Facility – Cornea
We have facilities to treat various CORNEAL diseases such as corneal opacities keratoconus, infectious keratitis and corneal graft surgery.
What is a Cornea?
The cornea is the transparent portion of the eye which allows light to enter and performs two-thirds of the focusing tasks.
The cornea does indeed allow light to enter the eyeball and the cornea’s convex shape focuses that light towards the pupil and another structure called the lens.
WHAT IS KERATOCONUS?
Often appearing in the teens or early twenties, keratoconus is a progressive disease in which the normally round cornea thins and begins to bulge into a cone-like shape. This cone shape deflects light as it enters the eye on its way to the light-sensitive retina, causing distorted vision. Keratoconus can occur in one or both eyes.
WHAT ARE THE SIGNS AND SYMPTOMS OF KERATOCONUS?
- Blurred Vision – Even while wearing Spectacle & Contact Lens
- Glare at Night
- Light Sensitivity
- Frequent Prescription Change in Spectacle & Contact Lens
- Near Sightedness
- Rubbing of the Eye
- Ghost Images
WHAT CAUSES KERATOCONUS?
New research has demonstrated a relationship between malfunction of beneficial enzymes found within the eye’s surface and an accompanying chemical imbalance that leads to toxic damage and thinning of eye tissue. Because keratoconus can be found in extended families, this improper functioning of beneficial enzymes appears to have genetic causes about 5% of the time. Eye damage from keratoconus also can be linked to factors such as overexposure to sunlight, improper fittings of contact lenses, excessive rubbing of the eye, and continual (chronic) eye irritation.
HOW IS KERATOCONUS DETECTED AND DIAGNOSED?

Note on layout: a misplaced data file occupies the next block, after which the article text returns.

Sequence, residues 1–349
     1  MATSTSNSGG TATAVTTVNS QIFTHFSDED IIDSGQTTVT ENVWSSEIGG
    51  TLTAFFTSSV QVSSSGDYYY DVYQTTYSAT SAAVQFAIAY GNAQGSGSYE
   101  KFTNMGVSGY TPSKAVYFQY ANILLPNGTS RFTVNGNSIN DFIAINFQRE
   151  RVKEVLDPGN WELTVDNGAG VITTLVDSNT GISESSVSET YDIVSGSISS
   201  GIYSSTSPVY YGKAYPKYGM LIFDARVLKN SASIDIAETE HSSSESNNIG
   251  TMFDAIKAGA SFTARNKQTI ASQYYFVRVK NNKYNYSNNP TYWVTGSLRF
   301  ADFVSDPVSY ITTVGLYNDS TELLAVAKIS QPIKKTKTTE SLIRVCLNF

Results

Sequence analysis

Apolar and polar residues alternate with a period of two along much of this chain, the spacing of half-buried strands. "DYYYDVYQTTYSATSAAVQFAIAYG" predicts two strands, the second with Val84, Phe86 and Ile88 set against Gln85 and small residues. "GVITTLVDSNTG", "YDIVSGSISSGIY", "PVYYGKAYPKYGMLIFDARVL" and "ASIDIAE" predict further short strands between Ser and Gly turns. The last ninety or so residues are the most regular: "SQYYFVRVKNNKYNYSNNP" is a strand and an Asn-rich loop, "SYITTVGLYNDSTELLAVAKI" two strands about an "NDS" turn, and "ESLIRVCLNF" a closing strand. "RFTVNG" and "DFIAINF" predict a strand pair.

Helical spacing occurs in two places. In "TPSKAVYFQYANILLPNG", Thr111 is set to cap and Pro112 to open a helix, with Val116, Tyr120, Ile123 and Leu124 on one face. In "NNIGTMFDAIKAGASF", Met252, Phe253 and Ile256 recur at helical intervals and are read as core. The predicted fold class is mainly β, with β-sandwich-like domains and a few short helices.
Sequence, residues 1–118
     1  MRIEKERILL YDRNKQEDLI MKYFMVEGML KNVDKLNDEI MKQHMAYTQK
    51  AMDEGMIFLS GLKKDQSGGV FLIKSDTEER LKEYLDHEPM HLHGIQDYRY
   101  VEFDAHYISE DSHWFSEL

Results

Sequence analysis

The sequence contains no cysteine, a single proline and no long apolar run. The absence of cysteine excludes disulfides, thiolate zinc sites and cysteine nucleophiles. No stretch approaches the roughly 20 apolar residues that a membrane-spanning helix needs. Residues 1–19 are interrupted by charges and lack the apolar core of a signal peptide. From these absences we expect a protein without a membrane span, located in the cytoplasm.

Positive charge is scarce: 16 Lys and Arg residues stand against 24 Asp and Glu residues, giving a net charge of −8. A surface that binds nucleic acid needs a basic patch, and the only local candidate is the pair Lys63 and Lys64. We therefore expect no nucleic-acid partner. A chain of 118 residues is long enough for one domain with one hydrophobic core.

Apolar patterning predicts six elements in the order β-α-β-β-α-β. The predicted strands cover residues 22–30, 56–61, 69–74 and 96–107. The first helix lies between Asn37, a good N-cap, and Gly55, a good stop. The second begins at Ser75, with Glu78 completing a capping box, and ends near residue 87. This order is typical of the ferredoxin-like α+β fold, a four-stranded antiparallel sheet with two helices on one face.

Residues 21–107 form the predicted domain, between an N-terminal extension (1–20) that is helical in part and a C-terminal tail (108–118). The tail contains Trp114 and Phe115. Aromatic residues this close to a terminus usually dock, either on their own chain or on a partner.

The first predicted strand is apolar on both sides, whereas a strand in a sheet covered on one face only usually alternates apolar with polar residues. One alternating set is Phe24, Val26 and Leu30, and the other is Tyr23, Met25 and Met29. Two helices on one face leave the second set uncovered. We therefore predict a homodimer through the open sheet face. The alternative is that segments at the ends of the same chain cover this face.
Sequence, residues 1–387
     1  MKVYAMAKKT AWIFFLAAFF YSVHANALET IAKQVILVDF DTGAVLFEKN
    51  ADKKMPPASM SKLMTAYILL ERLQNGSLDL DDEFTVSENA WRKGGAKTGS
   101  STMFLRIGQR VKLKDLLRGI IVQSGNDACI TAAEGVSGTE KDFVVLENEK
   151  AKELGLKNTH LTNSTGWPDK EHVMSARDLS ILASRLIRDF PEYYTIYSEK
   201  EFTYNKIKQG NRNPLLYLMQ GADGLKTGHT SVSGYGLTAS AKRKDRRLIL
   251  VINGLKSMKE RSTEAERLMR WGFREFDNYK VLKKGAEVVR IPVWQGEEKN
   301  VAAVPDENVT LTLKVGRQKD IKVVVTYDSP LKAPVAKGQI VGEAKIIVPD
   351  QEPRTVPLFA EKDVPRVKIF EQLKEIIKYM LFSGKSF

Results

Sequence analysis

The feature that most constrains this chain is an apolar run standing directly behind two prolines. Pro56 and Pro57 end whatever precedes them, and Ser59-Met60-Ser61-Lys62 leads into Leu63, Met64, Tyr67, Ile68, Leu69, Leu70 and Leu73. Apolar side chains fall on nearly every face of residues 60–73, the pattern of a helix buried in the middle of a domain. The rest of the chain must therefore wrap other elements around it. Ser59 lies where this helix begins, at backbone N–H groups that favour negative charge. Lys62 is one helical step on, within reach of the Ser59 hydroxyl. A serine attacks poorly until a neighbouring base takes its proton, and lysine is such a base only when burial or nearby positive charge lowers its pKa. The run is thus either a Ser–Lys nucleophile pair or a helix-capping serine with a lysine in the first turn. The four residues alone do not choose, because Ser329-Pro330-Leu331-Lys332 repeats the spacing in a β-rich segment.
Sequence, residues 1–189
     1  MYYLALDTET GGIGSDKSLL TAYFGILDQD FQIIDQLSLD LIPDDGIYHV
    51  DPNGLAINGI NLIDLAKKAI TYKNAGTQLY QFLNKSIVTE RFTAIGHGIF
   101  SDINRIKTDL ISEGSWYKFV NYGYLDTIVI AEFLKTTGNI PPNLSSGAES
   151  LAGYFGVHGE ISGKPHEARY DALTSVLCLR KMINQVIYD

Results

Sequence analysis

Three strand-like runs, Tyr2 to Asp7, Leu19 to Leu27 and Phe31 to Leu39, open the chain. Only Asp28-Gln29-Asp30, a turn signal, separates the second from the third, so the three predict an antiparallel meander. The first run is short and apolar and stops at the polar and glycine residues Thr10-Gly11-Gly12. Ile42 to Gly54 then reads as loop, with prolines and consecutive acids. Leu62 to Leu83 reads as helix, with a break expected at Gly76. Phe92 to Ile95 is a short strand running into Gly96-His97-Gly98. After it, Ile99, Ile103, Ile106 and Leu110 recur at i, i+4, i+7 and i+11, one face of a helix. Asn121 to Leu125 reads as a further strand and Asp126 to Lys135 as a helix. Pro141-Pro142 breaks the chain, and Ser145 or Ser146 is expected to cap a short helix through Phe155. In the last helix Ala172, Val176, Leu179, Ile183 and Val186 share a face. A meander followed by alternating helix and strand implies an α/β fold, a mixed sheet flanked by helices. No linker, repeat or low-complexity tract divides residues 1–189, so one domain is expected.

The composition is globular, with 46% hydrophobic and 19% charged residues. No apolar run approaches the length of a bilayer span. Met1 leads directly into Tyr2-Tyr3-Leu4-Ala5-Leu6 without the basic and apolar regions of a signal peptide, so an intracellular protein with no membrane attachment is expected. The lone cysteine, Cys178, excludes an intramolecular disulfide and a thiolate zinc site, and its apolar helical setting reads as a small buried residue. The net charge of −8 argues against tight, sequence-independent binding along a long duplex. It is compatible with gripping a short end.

- Keratoconus is usually detected when the patients reach their 20’s. For some, it may advance over several years. For others the progression might reach a certain point and stop.
- Keratoconus is not visible to the naked eye except during the later stage of the disease. In severe cases the cone shape is visible to an observer when the patient looks down and the upper lid is lifted. When looking down, the lower lid is no longer shaped like an arc, but bows outward around the pointed cornea. This is called Munson’s sign.
- Special corneal test called ‘Topography’ provides the doctor with detail about the cornea’s shape and is used to detect the progression of the disease. A ‘Pachymeter’ may also be used to check the thickness of the cornea.
WHAT IS THE TREATMENT OF KERATOCONUS?
The first line of treatment for patients with keratoconus is to fit rigid gas permeable (RGP) contact lenses. Because this type of contact lens is not flexible, it creates a smooth, evenly shaped surface to see through. However, because of the cornea’s irregular shape, these lenses can be very challenging to fit. This process often requires a great deal of time and patience. When vision deteriorates to the point that contact lenses no longer provide satisfactory vision, corneal transplant may be necessary to replace the diseased cornea with a healthy one.
At Pradnya Nethralaya patients can avail of the facility of C3R.
It is done in the Operation Theatre. The Cornea is sensitised with Riboflavin and the exposed to UV light for 30 mins.
This results in a chemical reaction that create covalent bonds which strengthen the corneal stroma.
C3R does not improve the vision but stabilises or halts the progression and prevents further complications. After stabilising the condition the vision is improved using other modalities like glasses or contact lenses.